Herzog at Jerusalem Day event warns ‘senseless hatred’ leads to destruction

President calls to ‘put the internal debate aside’ to achieve societal peace, as judicial overhaul talks remain stalled and nationalists hold contentious parade through capital

President Isaac Herzog speaks at a state ceremony marking Jerusalem Day at Ammunition Hill in the capital, May 18, 2023. (Haim Zach/GPO)
President Isaac Herzog speaks at a state ceremony marking Jerusalem Day at Ammunition Hill in the capital, May 18, 2023. (Haim Zach/GPO)

President Isaac Herzog on Thursday issued a warning about internal hatred leading to destruction in comments marking Jerusalem Day, which celebrates the reunification of Jerusalem under Israeli control, but has been marred in recent years by a contentious nationalist march through the Old City’s Muslim Quarter.

Herzog’s comments came as government leaders said talks hosted by the president aimed at reaching a compromise on the coalition’s judicial overhaul remained stalled. The legislation has exposed fault lines in Israeli society and sparked massive protests and political discord.

The never-ending journey of Jerusalem “has taught us as a society and a country that there is only one way for us to undertake this journey — together,” Herzog said at an official state ceremony.

“In particular on Jerusalem Day,” Herzog added, he must cite the phrase from Jewish sages “that senseless hatred destroyed Jerusalem — and I emphasize: Unjustified hatred is not just a reason but a consequence of itself; there are factors that lead to it.”

Rabbinic texts explain the destruction of Jerusalem’s Second Temple 2,000 years ago and the dispersal of the ancient Israelites as a consequence of the toxic relationship between rival Jewish sects in Jerusalem.

Herzog added that stories of hatred and destruction throughout Jewish history all stem from an inability “to manage the disagreement, to solve the dispute, to put the internal debate aside on the way to peace. That’s what leads to hatred, and hatred leads to destruction.”

The Jewish people must learn from such lessons and put their findings into action, he said.

President Isaac Herzog hosts delegations from Likud, Yesh Atid and National Unity for judicial overhaul negotiations at his residence in Jerusalem, March 28, 2023. (Kobi Gideon/GPO)

Prime Minister Benjamin Netanyahu paused the overhaul plans in March following mass protests and a general strike held in response to Netanyahu firing Defense Minister Yoav Gallant, opening the door for compromise talks between opposition and coalition representatives hosted by Herzog.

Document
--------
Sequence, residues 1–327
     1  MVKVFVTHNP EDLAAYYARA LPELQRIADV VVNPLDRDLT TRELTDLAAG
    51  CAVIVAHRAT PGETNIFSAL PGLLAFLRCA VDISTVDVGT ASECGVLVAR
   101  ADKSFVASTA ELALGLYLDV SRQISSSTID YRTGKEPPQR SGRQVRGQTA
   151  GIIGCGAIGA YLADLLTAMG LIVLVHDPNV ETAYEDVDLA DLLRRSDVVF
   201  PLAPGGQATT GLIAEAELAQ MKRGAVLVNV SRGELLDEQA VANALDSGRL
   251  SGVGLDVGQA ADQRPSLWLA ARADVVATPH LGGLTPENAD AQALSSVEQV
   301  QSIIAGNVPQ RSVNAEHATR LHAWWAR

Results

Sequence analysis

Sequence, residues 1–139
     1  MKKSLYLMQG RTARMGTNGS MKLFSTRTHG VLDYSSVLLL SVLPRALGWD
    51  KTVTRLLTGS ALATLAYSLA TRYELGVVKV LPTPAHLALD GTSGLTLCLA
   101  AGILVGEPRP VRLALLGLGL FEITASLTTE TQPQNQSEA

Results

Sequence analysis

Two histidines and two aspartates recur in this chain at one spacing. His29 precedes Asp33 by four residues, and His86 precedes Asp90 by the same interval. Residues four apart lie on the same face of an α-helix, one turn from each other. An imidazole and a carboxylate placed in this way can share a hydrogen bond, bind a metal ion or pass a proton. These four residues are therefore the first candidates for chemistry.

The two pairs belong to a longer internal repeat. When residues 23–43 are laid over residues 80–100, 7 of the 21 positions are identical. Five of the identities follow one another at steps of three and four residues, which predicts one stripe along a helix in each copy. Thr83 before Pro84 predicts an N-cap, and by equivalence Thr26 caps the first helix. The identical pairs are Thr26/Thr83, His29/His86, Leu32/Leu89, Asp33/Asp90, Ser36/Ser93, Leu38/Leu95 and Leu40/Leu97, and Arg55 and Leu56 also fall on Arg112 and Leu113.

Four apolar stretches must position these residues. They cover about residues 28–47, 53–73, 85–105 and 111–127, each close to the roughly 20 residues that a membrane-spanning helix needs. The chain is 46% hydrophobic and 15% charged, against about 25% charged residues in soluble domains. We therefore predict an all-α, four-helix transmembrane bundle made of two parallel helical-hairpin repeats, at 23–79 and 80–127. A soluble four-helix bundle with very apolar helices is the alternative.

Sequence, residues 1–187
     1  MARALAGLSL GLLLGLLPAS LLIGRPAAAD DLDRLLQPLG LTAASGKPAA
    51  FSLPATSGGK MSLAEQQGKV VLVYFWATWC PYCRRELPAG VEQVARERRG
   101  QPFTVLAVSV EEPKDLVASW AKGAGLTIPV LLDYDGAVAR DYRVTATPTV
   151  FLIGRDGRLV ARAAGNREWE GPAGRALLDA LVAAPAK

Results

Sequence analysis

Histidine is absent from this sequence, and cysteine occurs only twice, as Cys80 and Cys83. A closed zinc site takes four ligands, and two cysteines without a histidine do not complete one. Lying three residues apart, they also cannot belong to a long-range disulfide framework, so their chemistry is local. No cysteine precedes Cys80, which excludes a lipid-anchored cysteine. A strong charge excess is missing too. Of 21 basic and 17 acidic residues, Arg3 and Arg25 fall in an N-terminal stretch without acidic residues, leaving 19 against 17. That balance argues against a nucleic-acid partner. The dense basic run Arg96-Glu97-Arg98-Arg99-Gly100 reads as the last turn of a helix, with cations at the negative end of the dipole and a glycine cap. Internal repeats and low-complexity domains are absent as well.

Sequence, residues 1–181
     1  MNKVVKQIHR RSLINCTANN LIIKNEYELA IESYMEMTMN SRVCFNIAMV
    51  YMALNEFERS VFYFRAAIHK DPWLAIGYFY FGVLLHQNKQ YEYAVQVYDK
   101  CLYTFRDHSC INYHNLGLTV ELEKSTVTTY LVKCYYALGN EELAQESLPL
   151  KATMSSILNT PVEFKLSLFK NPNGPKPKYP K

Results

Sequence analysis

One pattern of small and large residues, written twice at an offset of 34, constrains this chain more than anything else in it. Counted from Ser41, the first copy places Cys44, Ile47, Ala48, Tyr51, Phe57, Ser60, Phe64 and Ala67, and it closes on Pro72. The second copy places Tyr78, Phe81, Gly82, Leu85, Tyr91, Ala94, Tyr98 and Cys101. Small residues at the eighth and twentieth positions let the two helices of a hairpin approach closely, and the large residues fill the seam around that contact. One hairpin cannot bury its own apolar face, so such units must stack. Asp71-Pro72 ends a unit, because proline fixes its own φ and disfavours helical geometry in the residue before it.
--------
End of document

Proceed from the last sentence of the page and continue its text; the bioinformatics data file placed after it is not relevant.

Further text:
Despite nearly two months of ongoing talks between teams representing the coalition and the opposition’s two biggest parties, no tangible progress has been made, according to sources close to the issue.

Up until March, the coalition rushed forward with legislation that would bring most judicial appointments under government control and curb the oversight powers of the High Court of Justice.

Critics say the overhaul will sap the High Court of Justice of its power to act as a check and balance against the government, dangerously eroding Israel’s democratic character. Supporters say the legislation is needed to rein in what they see as an over-intrusive court system.

The coalition is focused on passing the crucial state budget, but once the budget is approved, it appears likely that the government will return its focus to its judicial overhaul agenda.

The government’s efforts to pass the budget have also been marked by coalition infighting as different parties vie for funding.

Young Jewish men hold Israeli flags and flags of the far-right Lehava organization at Damascus Gate in Jerusalem’s Old City, during Jerusalem Day celebrations, May 18, 2023. (Jamal Awad/Flash90)

Thousands of Israelis took part in Jerusalem Day’s so-called Flag March on Thursday, with the highly controversial annual event again featuring racist chants and scuffles with Palestinian residents as the largely teenage, religious nationalist participants made their way through the Old City’s Muslim Quarter.

The annual parade to the Western Wall marks Israel’s reunification of East and West Jerusalem during the 1967 Six-Day War, but has gained notoriety over the years as it is often marred by hate speech and violence by far-right Jewish participants toward Palestinians and their property.

The particularly charged aspect of the Flag March is its route through the Damascus Gate and Muslim Quarter, which are overwhelmingly used by Palestinians. Critics say the rally is designed to provoke Palestinians, who are forced by the Israel Police to shutter their shops to allow for the demonstration.

Among the marchers were over a dozen coalition members, including National Security Minister Itamar Ben Gvir — a longtime participant in the rally. Thursday was the first time he did so as a cabinet minister, offering an additional stamp of legitimacy to the lightning rod event.

Different groups of Flag March participants clashed and beat Palestinian locals and harassed journalists. They also sang racist chants such as “Death to Arabs,” “May your village burn” and “An Arab is a son of a b**ch,” as they danced near the Damascus Gate both before and during the rally on Thursday afternoon.

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